17 July 2017

Maria Orska

Maria Orska (1893-1930) was a Russian-Jewish actress of the German stage and screen in the 1910s and 1920s. She was a darling of the public, but became the talk of Berlin when she became a morphine addict and did several suicide attempts.

Maria Orska
German postcard by Verlag Hermann Leiser, Berlin-Wilm., no. 5286. Photo: Alex Binder, 1916.

Maria Orska in Erdgeist (1916)
German postcard by Verlag Hermann Leiser, Berlin-Wilm., no. 9696. Photo: Rembrandt Atelier. Maria Orska in her role as Lulu in the stage play Erdgeist (Earth Spirit) by Franz Wedekind, directed in 1916 by Max Reinhardt.

The darling of the audience

Maria Orska was born Effi Rahel Blindermann in Nikolayev, Russian Empire (now Mikolaiv in Ukraine), in 1893. She was the cousin of the German actress Hedda Forsten and by her mother parented to the theatre impresario Eugen Frankfurter.

Although she originally wanted to study law like her father wanted her to, she became a stage actress and was discovered by the German actor and drama teacher Ferdinand Gregori when in St. Petersburg. In 1909 he brought her to Vienna's conservatory Akademie für Musik und darstellende Kunst (today Universität für Musik und darstellende Kunst Wien), led by him.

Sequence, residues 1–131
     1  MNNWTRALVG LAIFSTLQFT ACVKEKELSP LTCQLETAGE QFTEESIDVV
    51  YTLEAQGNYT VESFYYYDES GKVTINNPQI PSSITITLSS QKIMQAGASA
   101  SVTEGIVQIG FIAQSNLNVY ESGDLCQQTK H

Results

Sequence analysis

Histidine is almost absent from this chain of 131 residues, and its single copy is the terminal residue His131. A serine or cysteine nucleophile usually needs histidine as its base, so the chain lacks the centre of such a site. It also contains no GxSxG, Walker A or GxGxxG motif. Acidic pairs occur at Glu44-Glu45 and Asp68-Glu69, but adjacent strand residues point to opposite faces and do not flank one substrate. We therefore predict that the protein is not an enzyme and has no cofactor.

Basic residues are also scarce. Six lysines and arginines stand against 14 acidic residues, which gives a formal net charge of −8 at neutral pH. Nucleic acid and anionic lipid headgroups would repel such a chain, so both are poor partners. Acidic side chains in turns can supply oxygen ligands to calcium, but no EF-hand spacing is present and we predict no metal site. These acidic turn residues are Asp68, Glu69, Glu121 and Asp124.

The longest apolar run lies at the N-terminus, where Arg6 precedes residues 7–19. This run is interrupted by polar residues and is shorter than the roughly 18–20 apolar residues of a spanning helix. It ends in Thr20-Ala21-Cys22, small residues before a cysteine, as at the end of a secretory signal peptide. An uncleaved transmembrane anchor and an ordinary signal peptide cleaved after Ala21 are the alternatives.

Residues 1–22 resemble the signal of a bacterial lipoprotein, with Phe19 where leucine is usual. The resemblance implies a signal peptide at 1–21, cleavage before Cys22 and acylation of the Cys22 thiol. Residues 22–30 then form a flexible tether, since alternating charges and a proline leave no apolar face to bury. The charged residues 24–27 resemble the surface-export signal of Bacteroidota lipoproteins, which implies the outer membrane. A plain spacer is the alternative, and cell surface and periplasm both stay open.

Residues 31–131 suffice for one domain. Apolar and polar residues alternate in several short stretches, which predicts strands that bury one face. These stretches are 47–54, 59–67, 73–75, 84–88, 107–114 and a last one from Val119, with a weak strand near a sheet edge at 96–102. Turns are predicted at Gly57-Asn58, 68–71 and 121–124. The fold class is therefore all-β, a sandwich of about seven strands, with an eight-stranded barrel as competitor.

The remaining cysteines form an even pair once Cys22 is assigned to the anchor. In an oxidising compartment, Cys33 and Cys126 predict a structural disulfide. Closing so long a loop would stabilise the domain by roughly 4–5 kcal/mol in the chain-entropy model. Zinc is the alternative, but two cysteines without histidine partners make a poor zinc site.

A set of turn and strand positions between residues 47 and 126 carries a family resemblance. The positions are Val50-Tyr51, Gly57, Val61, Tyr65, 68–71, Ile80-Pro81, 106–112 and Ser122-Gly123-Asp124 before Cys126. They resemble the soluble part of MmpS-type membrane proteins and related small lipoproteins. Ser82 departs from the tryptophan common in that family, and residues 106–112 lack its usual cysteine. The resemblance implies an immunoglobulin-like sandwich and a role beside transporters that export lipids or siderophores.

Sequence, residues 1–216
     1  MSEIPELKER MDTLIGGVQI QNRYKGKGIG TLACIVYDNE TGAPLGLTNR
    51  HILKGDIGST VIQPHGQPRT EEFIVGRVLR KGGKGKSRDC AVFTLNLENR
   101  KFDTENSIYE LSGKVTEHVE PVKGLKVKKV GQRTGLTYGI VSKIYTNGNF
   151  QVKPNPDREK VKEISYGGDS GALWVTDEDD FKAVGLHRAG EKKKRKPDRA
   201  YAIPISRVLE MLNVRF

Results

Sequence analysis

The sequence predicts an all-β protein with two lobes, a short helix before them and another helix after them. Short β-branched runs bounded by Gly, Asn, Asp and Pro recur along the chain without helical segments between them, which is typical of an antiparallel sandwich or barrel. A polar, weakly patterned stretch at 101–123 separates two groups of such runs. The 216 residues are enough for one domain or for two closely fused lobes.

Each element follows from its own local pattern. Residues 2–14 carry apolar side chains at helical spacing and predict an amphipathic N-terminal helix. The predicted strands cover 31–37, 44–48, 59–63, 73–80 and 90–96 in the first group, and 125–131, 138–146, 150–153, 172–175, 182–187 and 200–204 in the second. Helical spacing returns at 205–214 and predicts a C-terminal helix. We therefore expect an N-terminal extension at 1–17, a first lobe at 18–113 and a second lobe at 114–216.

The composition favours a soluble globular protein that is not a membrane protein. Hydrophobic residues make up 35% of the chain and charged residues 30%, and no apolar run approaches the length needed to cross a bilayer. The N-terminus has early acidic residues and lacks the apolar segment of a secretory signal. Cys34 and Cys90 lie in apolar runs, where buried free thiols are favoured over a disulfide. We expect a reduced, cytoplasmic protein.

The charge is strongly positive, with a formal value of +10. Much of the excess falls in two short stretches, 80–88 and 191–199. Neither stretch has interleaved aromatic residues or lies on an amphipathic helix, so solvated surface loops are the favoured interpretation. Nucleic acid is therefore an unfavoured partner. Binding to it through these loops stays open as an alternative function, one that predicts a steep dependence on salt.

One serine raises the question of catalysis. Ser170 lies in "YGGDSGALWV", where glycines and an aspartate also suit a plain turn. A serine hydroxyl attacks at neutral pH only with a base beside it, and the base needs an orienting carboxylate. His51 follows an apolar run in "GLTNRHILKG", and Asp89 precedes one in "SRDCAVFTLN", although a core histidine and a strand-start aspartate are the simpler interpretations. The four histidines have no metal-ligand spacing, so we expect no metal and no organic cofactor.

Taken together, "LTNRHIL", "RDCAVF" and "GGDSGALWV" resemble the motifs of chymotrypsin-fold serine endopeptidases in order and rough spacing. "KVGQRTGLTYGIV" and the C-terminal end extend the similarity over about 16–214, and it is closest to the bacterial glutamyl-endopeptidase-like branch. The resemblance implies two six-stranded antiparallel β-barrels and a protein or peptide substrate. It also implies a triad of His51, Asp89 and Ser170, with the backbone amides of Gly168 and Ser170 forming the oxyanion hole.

In 1910, she followed Gregori to the Mannheim court theater where she debuted as Daisy Orska and soon drew attention to herself in plays by August Strindberg and Arthur Schnitzler.

In 1911 she came to the Schauspielhaus in Hamburg, where she became the star of the company. In the season 1914/1915 Maria Orska, her stage name by now, moved to Berlin, where she performed at the Theater in der Königgrätzer Straße (today Hebbel-Theater) as well as Max Reinhardt’s Berlin stage. In the same year Edith Andreae was introduced to her, with whom she held a long lasting friendship.

In Berlin the exiled Russian artist became known as interpreter of the works by modern playwrights such as Oscar Wilde, Strindberg, Schnitzler, Frank Wedekind and Luigi Pirandello. She was a huge success in Wedekind’s Lulu in 1916.

The star was praised as "the unmatched interpreter of Strindberg's women, the most fashionable actress of today's Berlin". She was the representative of an "art entirely dedicated to nerves" (Der Film, no. 23, 01.07.1916).

"She had sharp, piercing tones, the uncanny effect of which the little character fanatically exaggerated. She also cultivated mundane roles, in which she unfolded the pointed humours of a devious character ... In the field of erotic representation she dared to go remarkably far. She was not an elementary artist, but she had individual qualities that made her the darling of the audience“, the reporter and author Emil Faktor noted in the Berliner Börsen-Courier (16.05.1930) after her tragic death.

Maria Orska
German postcard in the Film Sterne series by Rotophot, no. 118/1. Photo: Becker & Maass, Berlin.

Maria Orska
German postcard in the Film Sterne series by Rotophot , no. 118/2. Photo: Becker & Maass, Berlin.

The centre of the so-called Berlin society